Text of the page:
It's hard not to ship Wallace Wells (AKA Succession's campy darling Kieran Culkin) with basically every boy-character in Scott Pilgrim VS. the World. He seems to have the rare sibling-device to the gaydar: the gay magnet. Every man we see him around for longer than two minutes seems to fall to his charms. Besides, unfortunately, Ramona Flowers' ex Lucas Lee (Chris Evans).


Wallace is totally smitten with Lucas - it's understandable, I too am a gay guy a little too interested in Chris Evans - and tails him around Toronto as he films his terrible new action movie. Lucas, however, doesn't seem to return the feelings. At all. Don't we all know that gays are notoriously good at crawling all over each other's exes half the time? It would've been great to not only get to see Evans in a gay role (y'know, in case seeing him in spandex as Captain America wasn't gay enough), but also to get to see Wallace get his fantasy moment. ~ Toni Oisin H.C.


Eleanor Shellstrop/Tahani Al-Jamil - The Good Place (2016 - 2020)



Ah, The Good Place. Surely the best show ever made about moral philosophy. There’s so much to sink your teeth into here. There’s so many interesting lofty themes to engage with, it’s emotionally devastating, and perhaps above all, it’s truly a shipper’s delight. Each of the show’s colourful cast members are so wonderfully fleshed out, you could throw a dart at any two characters and chances are you’d end up with a pairing that sticks. Lovable himbo Jason Mendoza (Manny Jacinto) and all-knowing nonbinary legend Janet (D'Arcy Carden)? Hell yes! Reformed(ish) demon Michael (Ted Danson) and evil queen Shawn (Marc Evan Jackson)? A no-brainer! That being said, standing head and shoulders above all potential pairings in the show is my true OTP: central protagonist Eleanor Shellstrop (Kristen Bell) and her perfect foil, the hilarious Tahani Al-Jamil (Jameela Jamil).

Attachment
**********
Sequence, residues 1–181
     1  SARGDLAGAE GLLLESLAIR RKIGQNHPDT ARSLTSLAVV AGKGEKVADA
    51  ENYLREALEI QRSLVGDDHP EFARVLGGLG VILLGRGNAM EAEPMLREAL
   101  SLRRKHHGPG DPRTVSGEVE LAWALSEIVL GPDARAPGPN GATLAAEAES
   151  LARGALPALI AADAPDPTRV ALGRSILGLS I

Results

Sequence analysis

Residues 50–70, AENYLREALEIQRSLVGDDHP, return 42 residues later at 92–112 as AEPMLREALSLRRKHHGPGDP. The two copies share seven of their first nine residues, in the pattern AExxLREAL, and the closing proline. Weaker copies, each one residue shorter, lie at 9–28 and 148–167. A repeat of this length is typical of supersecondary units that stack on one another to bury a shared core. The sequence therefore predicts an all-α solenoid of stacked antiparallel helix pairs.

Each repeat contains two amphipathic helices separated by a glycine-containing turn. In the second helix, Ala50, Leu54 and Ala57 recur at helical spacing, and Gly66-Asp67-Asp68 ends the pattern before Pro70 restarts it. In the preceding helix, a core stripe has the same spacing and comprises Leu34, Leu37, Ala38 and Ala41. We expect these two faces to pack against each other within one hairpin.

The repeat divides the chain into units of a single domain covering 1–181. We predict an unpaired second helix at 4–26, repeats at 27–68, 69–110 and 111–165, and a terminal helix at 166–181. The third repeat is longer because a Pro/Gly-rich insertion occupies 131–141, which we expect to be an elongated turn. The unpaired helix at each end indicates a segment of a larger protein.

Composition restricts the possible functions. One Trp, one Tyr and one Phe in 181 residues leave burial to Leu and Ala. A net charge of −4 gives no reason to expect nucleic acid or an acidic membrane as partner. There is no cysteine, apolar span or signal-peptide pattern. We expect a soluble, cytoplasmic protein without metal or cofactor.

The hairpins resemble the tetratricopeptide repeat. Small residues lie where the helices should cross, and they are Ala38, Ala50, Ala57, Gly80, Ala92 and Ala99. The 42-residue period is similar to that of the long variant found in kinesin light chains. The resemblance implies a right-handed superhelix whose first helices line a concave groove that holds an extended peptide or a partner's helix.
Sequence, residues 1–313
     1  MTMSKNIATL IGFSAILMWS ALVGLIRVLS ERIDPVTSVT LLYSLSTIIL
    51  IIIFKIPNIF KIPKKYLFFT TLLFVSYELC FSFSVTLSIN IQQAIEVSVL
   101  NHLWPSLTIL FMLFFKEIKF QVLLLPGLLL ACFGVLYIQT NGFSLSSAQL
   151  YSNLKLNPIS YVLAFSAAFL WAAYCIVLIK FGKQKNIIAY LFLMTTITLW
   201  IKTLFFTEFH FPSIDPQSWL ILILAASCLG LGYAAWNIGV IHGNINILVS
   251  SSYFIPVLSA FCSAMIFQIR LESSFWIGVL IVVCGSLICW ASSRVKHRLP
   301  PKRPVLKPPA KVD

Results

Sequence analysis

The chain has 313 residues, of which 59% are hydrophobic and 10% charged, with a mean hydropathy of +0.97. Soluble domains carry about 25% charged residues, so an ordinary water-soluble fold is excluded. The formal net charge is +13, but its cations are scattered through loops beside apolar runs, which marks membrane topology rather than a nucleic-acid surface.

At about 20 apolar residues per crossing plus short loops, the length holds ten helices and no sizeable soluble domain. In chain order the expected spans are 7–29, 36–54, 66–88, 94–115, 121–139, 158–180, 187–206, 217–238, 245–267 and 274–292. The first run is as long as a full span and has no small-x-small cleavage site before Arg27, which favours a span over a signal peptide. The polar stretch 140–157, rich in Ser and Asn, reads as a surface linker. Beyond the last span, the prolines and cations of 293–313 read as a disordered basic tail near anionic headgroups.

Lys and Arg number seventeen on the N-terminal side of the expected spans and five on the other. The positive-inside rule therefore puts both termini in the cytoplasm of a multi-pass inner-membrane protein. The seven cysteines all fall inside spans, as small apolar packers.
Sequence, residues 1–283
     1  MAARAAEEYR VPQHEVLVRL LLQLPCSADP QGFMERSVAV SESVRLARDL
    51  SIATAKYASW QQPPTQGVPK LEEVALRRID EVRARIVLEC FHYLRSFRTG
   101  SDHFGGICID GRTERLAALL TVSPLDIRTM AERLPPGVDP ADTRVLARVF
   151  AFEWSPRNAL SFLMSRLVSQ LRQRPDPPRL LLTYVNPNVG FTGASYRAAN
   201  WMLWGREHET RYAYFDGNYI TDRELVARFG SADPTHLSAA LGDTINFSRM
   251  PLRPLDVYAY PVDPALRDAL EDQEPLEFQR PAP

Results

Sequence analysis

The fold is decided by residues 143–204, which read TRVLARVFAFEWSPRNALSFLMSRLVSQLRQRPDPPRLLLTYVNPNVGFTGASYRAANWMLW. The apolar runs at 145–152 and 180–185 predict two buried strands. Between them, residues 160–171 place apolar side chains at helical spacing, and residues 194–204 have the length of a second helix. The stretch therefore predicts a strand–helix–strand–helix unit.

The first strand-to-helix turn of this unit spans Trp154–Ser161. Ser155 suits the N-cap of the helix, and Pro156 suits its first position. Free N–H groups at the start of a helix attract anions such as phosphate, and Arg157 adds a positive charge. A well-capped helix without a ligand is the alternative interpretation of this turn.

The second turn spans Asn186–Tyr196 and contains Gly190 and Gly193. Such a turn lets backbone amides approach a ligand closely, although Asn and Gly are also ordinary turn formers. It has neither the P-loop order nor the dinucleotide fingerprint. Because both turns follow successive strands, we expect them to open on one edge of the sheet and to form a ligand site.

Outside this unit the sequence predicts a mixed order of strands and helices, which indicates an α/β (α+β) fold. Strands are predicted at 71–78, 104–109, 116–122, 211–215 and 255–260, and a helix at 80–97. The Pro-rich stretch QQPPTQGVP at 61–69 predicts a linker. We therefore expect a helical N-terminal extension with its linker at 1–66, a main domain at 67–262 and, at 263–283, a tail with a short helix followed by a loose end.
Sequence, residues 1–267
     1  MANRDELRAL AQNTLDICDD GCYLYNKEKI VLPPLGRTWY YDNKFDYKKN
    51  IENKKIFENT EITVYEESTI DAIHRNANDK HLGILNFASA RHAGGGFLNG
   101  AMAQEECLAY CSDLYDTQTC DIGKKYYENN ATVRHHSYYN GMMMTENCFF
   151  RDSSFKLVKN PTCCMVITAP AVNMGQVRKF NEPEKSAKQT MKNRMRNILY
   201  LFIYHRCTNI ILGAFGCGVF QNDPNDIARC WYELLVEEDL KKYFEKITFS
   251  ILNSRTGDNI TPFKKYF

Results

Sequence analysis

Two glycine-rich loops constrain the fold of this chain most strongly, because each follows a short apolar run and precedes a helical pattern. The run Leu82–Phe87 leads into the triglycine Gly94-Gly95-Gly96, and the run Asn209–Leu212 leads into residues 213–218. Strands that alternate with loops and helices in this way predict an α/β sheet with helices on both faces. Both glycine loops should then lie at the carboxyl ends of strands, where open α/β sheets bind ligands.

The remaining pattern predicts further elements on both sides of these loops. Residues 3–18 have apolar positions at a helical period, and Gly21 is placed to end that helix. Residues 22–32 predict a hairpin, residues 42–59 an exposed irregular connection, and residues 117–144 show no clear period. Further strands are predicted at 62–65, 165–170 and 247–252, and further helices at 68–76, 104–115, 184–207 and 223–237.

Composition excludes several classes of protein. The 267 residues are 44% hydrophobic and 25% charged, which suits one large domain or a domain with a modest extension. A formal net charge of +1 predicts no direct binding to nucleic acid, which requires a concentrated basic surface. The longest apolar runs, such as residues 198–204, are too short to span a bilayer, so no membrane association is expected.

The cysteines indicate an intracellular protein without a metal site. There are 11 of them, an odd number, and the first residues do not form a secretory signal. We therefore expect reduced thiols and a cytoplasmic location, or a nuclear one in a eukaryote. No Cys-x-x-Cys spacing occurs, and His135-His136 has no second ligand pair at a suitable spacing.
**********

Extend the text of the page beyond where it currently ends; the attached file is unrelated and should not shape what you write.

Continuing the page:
As with most characters in the show, we’re introduced to Eleanor and Tahani under false pretences. Eleanor is initially incredibly selfish and mean, lashing out against most characters and talking behind their backs, especially her canon soulmate, Chidi Anagonye (William Jackson Harper). Meanwhile, the upper-class Tahani is at once judgy and snobbish of other’s actions, while simultaneously defensive and insecure of her own status due to her upbringing, where she was constantly unfavourably compared to her younger sister Kamilah (Rebecca Hazlewood). At a glance, it’s not a pairing that seems to make sense, but their chemistry is undeniable - as they begin to feel more comfortable with each other, the mutual barbs are replaced with cheeky flirtation and genuine emotional connection.